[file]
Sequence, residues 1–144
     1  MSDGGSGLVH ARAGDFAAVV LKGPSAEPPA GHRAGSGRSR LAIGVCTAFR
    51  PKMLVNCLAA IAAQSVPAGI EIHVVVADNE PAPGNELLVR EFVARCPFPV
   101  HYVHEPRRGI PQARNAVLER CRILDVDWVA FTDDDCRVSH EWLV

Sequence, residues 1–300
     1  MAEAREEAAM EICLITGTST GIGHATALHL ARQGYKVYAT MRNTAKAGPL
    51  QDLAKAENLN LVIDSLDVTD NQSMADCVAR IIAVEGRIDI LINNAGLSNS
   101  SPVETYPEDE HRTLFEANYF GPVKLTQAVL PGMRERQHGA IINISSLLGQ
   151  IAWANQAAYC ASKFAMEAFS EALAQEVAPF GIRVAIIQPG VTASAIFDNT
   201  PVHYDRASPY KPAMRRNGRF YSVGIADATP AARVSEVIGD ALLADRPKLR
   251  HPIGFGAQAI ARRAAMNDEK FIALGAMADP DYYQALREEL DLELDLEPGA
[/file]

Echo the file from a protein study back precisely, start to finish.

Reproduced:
Sequence, residues 1–144
     1  MSDGGSGLVH ARAGDFAAVV LKGPSAEPPA GHRAGSGRSR LAIGVCTAFR
    51  PKMLVNCLAA IAAQSVPAGI EIHVVVADNE PAPGNELLVR EFVARCPFPV
   101  HYVHEPRRGI PQARNAVLER CRILDVDWVA FTDDDCRVSH EWLV

Sequence, residues 1–300
     1  MAEAREEAAM EICLITGTST GIGHATALHL ARQGYKVYAT MRNTAKAGPL
    51  QDLAKAENLN LVIDSLDVTD NQSMADCVAR IIAVEGRIDI LINNAGLSNS
   101  SPVETYPEDE HRTLFEANYF GPVKLTQAVL PGMRERQHGA IINISSLLGQ
   151  IAWANQAAYC ASKFAMEAFS EALAQEVAPF GIRVAIIQPG VTASAIFDNT
   201  PVHYDRASPY KPAMRRNGRF YSVGIADATP AARVSEVIGD ALLADRPKLR
   251  HPIGFGAQAI ARRAAMNDEK FIALGAMADP DYYQALREEL DLELDLEPGA